2. The relevant facts to be noticed in appreciating the question referred for our consideration are that the applicant imported palmolein by m. v. Tai Tung which arrived at Madras Port on 6.1.1979 and got them cleared under 'open general licence' (OGL) appearing against Sl. No. 8 of Appendix 10 of the Import Trade control policy for the period April, 1978 to March 1979. The date of shipment of the consignment was shown by the importer on the bill of entry as 29.11.1978 as found on the relative bill of landing which bore that date. In the light of the above, declaration under Section 46(4) of the Customs Act (hereinafter referred to as 'the Act') which purported to show that the goods were shipped within the validity period of the O.G.L., the goods were allowed clearance by the proper officer under Section 47 of the Act under the authority of the above said O.G.L. By a public notice No. 91 dated 2.12.1978 import of palmolein under the O.G.L. was cancelled and its import of was canalised through STC, with effect from 2.12.1978. The respondent on further enquiries found that the vessel which brought the applicant's cargo of palmolein arrived at the loading port of Kelang on 24.12.1978 and worked till 30.12.1978 and therefore, could not have loaded the cargo on 29.11.1978 as shown to have been done on that date in the bill of lading produced at the time of clearance through customs. The bill of lading though normally accepted as evidence of loading of goods issued by the career to the consignor, the respondent's Department felt that the order of release under O.G.L. was passed on a misdeclaration of the date of shipment in the bill of lading by the applicant and after issue of showcause notice, it was held that the bill of lading could not possibly have borne a genuine date prior to 24.12.1978 since the ship which carried the said cargo called at the loading port of Kelang only on 24.12.1978 and concluded that the importer had arranged to have the bill of lading predated and relying upon the said manufactured evidence got the goods cleared through customs under O.G.L. It was also held that the import in question of the relevant goods under the cover of O.G.L., was incorrect, improper and illegal and that the importer therefore was liable to personal penalty under Section 122 of the Act. After noticing the fact that the goods had already been allowed to be cleared for home consumption and were not available for confiscation and hence no order could be made with regard to them, the respondent imposed personal penalty of Rs. 1,50,000 under Section 112 of the Act. 2A. The applicant there upon filed a revision under Section 113 of the Act as it stood before amendment on 11.10.1982 to the Government of India, which, there-after came to be transferred to the Customs, Excise and (Gold) Control Appellate Tribunal, South Regional Bench at Madras, in terms of Section 131-B of the Act to be heard as an appeal before it. After hearing the submissions of both sides, the tribunal concurred with the order of the respondent-Collector of Customs and held that the order of the respondent was justified in law on the facts and circumstances of the case and dismissed the appeal by the order dated 24.12.1985, whereupon the applicant moved for a reference and in the light of the various rulings placed before the Tribunal on either side, the Tribunal thought fit to refer the question as to the requirement or otherwise of the element of mens rea for levying personal penalty under Section 112(b) of the Act.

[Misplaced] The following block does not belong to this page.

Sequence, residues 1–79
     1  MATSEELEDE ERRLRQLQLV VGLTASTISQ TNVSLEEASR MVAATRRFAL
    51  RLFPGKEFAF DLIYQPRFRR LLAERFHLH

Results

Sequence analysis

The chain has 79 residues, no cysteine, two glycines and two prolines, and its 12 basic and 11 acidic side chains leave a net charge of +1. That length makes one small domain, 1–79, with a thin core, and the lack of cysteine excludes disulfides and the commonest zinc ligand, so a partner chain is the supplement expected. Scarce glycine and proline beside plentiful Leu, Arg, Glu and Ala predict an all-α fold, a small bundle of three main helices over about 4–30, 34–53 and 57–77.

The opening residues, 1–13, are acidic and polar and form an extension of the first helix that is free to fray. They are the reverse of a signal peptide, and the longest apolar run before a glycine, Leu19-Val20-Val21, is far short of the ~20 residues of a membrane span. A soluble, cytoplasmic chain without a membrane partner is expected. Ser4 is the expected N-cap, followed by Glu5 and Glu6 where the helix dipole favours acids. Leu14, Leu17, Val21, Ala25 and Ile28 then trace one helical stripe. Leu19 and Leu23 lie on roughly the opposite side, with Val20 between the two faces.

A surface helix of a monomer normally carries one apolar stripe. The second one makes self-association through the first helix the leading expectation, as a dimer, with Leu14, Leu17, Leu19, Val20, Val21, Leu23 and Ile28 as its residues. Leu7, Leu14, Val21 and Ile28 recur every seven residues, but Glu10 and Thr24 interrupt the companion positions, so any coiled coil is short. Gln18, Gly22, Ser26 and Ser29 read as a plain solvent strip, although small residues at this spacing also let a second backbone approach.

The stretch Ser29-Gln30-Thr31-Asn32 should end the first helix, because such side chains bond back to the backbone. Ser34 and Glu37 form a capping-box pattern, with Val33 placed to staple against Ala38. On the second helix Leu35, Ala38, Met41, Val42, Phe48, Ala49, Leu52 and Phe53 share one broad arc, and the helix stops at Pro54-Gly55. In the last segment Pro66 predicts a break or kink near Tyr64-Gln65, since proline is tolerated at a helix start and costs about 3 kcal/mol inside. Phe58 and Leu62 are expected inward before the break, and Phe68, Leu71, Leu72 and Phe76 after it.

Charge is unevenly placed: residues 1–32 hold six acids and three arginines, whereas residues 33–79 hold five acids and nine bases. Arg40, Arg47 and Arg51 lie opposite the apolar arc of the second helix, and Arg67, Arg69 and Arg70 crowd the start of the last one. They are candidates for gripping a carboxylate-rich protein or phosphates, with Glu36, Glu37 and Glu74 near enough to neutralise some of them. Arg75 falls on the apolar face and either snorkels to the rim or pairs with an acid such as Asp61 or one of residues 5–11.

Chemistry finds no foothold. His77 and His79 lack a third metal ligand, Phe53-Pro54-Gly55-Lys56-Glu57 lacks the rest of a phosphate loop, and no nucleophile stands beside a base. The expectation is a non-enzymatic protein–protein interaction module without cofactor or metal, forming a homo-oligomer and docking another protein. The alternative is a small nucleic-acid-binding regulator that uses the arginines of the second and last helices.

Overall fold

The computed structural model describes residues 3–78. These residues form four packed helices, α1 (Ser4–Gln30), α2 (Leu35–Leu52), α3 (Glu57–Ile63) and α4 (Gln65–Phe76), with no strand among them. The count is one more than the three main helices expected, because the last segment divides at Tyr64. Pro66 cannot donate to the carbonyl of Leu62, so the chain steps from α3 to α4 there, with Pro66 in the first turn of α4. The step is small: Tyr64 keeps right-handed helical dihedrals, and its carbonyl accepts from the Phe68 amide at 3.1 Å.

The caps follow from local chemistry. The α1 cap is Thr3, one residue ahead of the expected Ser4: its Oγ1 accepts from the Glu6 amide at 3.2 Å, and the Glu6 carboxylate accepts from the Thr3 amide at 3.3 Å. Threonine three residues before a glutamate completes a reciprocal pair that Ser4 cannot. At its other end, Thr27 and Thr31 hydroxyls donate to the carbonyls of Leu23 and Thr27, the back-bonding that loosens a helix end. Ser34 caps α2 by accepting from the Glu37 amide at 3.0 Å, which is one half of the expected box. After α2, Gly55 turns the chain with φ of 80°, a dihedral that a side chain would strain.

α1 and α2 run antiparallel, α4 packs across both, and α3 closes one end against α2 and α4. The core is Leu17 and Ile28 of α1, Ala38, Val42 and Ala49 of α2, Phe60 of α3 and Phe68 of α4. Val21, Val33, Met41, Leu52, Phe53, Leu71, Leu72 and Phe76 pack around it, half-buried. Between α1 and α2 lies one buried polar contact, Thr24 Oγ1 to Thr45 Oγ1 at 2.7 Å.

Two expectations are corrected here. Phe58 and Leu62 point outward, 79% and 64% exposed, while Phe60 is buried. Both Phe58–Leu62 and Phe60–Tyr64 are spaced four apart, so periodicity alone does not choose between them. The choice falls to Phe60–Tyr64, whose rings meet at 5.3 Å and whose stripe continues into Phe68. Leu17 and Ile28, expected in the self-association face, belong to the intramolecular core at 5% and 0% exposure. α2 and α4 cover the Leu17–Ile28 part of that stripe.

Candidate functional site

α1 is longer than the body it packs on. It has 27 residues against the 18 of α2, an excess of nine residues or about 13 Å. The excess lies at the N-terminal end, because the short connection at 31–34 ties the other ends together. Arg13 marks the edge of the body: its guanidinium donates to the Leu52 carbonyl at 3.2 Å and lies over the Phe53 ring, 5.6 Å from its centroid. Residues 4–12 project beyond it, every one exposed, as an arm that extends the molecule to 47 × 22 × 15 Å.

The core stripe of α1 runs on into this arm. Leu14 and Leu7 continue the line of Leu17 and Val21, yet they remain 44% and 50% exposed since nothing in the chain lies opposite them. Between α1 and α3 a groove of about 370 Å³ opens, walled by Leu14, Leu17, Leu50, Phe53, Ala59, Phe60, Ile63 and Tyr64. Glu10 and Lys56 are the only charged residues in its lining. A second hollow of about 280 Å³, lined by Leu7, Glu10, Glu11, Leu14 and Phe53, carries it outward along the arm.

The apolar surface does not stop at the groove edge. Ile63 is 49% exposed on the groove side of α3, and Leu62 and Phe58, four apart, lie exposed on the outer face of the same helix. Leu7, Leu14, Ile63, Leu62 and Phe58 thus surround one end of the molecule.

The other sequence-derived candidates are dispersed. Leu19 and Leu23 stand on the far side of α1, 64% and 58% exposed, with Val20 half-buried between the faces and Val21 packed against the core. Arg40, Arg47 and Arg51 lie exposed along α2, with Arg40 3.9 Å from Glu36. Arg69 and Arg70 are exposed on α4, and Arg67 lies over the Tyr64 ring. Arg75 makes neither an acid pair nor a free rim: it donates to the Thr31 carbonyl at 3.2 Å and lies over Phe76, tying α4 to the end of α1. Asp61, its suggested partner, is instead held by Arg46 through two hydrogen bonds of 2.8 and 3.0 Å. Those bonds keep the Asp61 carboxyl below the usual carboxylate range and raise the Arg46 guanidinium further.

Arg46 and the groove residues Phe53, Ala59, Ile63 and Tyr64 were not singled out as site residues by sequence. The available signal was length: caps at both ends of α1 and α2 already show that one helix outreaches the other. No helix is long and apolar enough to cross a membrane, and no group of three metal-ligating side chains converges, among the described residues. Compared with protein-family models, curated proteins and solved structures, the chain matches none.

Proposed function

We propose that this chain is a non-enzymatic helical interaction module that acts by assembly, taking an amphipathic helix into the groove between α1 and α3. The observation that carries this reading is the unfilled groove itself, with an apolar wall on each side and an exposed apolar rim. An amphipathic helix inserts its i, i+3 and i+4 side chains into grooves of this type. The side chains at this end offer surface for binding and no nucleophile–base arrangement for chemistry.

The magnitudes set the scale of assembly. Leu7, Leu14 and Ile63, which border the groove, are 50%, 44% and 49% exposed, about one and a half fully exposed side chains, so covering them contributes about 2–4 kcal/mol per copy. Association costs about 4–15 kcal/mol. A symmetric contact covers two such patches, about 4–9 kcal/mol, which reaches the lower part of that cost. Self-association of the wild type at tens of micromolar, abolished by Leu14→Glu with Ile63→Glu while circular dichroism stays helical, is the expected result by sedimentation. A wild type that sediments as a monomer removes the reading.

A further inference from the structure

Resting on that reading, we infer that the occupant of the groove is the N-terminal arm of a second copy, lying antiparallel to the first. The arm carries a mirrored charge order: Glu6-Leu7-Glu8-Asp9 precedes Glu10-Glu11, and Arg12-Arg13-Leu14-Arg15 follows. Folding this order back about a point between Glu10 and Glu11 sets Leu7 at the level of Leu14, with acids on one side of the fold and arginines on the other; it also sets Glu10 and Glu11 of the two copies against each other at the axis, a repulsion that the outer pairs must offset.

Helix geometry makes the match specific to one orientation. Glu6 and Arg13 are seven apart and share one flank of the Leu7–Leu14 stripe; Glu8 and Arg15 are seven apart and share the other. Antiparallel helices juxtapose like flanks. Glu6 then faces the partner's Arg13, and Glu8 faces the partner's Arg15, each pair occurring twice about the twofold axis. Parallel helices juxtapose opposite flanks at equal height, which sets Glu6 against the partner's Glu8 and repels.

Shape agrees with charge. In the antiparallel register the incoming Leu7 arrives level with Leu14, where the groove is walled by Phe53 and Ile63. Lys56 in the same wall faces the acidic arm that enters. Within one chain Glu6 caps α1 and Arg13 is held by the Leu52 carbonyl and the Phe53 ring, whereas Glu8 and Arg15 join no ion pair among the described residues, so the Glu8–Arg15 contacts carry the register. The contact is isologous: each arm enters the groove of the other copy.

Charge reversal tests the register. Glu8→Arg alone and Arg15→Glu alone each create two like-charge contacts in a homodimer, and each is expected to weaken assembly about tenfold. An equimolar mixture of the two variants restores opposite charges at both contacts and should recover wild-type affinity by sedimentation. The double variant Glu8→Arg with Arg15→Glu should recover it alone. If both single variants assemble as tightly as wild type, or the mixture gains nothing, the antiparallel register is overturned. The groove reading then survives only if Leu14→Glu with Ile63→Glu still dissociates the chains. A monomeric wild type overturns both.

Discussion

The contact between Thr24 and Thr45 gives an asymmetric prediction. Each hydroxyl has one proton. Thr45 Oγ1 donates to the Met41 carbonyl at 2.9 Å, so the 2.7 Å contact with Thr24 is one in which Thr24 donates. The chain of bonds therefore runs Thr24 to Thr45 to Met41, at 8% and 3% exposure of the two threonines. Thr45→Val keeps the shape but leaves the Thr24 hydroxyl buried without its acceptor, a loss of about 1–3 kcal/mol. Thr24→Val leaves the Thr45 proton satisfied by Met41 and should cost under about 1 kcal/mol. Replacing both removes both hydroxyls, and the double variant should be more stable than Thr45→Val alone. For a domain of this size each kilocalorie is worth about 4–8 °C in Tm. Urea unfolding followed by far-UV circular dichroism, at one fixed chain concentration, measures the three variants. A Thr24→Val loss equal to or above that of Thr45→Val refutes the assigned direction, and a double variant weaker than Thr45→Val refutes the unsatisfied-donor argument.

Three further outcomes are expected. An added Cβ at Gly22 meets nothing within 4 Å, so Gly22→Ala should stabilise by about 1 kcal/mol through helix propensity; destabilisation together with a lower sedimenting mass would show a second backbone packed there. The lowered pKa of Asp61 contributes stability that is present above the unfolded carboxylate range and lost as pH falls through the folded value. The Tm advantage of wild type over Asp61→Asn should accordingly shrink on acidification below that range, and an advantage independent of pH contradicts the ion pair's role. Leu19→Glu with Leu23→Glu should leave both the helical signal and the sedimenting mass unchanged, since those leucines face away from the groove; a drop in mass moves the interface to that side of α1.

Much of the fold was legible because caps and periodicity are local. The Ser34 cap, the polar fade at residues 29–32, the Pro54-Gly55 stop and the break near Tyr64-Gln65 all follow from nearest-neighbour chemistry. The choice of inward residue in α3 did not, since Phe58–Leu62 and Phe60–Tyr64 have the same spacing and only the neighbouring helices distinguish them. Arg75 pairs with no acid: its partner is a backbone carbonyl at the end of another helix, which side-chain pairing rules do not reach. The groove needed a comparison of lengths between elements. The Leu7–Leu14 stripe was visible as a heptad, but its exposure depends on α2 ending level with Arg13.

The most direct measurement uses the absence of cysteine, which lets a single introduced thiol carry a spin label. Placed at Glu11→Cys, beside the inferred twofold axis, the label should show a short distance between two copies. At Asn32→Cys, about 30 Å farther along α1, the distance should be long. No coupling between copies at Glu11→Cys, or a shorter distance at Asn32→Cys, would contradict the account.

3. Mr. Habibulla Badsha, learned senior counsel appearing for the applicant, while reiterating the stand taken before the authorities below, contended that though confiscation could be ordered irrespective of knowledge of involvement of the person in whose possession the goods are found, the imposition of personal penalty requires a deliberate action or knowledge or complicity or common act of abatement to the violation in question and in the absence of any such personal guilty conduct or mens rea, the question of imposing a personal penalty under Section 112(a) of the Act does not arise and the imposition of such personal penalty even in the absence of the required mens rea would be totally without the authority of law. The learned senior counsel invited our attention to some of the secessions of the Apex Court and other various courts, to which reference will be made at the appropriate stage.